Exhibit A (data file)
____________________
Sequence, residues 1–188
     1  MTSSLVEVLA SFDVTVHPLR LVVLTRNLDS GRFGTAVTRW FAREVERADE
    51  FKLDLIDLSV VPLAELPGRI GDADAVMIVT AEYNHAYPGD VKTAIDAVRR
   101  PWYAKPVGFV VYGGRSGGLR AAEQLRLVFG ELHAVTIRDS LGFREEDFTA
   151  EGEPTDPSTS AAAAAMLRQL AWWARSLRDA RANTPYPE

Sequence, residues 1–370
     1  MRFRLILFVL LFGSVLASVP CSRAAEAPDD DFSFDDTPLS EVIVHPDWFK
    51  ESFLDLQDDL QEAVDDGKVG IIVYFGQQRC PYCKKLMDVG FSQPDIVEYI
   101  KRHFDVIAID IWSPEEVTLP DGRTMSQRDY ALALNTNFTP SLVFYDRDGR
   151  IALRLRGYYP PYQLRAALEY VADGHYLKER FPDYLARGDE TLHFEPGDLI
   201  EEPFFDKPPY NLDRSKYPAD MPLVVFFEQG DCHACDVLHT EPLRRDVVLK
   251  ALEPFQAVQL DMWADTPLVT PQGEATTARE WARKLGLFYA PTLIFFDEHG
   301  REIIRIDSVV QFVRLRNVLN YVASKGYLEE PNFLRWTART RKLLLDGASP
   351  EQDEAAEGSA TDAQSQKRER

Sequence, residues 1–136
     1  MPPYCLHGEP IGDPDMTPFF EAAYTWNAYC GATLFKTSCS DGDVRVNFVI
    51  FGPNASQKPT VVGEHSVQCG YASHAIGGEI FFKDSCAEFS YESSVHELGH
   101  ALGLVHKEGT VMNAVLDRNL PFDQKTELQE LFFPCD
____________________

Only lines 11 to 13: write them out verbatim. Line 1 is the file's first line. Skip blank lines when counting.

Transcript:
   201  EEPFFDKPPY NLDRSKYPAD MPLVVFFEQG DCHACDVLHT EPLRRDVVLK
   251  ALEPFQAVQL DMWADTPLVT PQGEATTARE WARKLGLFYA PTLIFFDEHG
   301  REIIRIDSVV QFVRLRNVLN YVASKGYLEE PNFLRWTART RKLLLDGASP